(b) To make public information concerning the offense, the substance of the petition, the status of proceedings in the juvenile court and any other information which does not specifically identify the child or the child's family;

(2) After a child has been adjudicated delinquent pursuant to subdivision (3) of subsection 1 of section 211.031, for an offense which would be a felony if committed by an adult, the records of the dispositional hearing and proceedings related thereto shall be open to the public to the same extent that records of criminal proceedings are open to the public. However, the social summaries, investigations or updates in the nature of presentence investigations, and status reports submitted to the court by any treating agency or individual after the dispositional order is entered shall be kept confidential and shall be opened to inspection only by order of the judge of the juvenile court;

(3) As otherwise provided by statute;

(4) In all other instances, only by order of the judge of the juvenile court.
So it's NOT just Class A Felonies that can open such records to the public. The court can order the release of juvenile records to any persons with a "legitimate interest". Furthermore, if a motion is filed AND the court sustains it then the records related to a Class A felony (e.g. 1st Degree Robbery) OR 1st Degree Murder OR 2nd Degree Murder (which is a Class B Felony) OR "except as provided in subsection 2 of this section" can be opened to the public as well. Perhaps this will be helpful for you ....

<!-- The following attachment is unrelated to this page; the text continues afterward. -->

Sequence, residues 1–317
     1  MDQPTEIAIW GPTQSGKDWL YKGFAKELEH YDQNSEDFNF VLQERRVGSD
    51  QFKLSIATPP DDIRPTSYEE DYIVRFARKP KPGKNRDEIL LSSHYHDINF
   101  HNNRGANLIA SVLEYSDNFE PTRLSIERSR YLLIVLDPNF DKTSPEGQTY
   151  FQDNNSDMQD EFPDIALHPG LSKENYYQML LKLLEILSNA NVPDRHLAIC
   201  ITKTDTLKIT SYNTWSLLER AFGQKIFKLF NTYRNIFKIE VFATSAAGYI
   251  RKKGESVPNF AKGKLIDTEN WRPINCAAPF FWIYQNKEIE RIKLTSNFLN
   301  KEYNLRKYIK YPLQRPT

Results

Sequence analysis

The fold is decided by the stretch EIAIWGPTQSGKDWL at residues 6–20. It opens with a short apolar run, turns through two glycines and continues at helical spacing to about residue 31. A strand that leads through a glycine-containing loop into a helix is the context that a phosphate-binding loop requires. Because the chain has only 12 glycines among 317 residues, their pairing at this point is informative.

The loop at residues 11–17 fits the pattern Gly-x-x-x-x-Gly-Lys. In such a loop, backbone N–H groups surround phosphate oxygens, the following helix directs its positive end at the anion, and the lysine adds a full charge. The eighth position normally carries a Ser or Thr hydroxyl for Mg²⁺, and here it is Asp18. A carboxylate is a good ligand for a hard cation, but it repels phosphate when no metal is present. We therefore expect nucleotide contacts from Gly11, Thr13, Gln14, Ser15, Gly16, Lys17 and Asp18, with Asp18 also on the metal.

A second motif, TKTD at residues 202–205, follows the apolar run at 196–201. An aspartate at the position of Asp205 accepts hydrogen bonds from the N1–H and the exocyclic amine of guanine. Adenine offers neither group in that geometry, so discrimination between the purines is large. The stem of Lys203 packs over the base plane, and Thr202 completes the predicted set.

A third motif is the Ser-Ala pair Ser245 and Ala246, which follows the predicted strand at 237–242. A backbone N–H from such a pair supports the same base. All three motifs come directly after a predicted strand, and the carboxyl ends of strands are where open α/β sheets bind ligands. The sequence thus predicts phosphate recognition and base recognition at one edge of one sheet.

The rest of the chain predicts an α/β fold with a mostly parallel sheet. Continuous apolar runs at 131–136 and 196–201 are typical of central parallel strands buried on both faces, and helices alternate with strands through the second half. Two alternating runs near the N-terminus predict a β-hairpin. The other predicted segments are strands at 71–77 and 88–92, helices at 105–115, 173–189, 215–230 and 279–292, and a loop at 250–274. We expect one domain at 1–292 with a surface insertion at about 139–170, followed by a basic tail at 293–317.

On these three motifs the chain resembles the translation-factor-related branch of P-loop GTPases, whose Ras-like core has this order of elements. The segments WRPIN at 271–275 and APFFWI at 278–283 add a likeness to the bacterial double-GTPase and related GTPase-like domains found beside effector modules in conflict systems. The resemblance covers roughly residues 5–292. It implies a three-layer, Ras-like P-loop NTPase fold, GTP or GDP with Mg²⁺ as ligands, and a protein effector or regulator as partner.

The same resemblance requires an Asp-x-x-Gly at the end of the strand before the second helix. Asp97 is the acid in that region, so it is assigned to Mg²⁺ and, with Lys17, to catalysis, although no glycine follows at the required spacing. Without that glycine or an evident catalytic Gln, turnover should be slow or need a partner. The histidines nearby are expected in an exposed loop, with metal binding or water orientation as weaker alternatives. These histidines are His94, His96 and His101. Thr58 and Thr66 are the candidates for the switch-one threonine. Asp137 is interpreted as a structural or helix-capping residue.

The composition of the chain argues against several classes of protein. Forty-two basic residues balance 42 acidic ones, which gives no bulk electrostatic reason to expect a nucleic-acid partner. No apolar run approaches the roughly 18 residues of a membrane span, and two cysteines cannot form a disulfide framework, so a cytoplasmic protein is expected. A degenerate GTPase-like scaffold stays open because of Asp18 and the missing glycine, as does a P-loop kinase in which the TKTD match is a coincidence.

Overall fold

or 1 |ôr|
conjunction
1 used to link alternatives: a cup of tea or coffee | are you coming or not? | she couldn't read or write | I either take taxis or walk everywhere | it doesn't matter whether the theory is right or wrong.
So let's dig a little deeper into 211.321 subsection 2 since that's the part you conveniently omitted. I highlighted a portion of it above which sets the context. I'll repeat it here ....

In all proceedings under subdivision (3) of subsection 1 of section 211.031 the records of the juvenile court as well as all information obtained and social records prepared in the discharge of official duty for the court shall be kept confidential and may be open to inspection without court order only as follows:
Now Section 211.031 is the portion of Missouri law that determines the circumstances under which the Juvenile Court has jurisdiction. 211.031 subsection 1 subdivision 3 states the following:

(3) Involving any child who is alleged to have violated a state law or municipal ordinance, or any person who is alleged to have violated a state law or municipal ordinance prior to attaining the age of seventeen years, in which cases jurisdiction may be taken by the court of the circuit in which the child or person resides or may be found or in which the violation is alleged to have occurred; except that, the juvenile court shall not have jurisdiction over any child fifteen years of age who is alleged to have violated a state or municipal traffic ordinance or regulation, the violation of which does not constitute a felony, and except that the juvenile court shall have concurrent jurisdiction with the municipal court over any child who is alleged to have violated a municipal curfew ordinance, and except that the juvenile court shall have concurrent jurisdiction with the circuit court on any child who is alleged to have violated a state or municipal ordinance or regulation prohibiting possession or use of any tobacco product;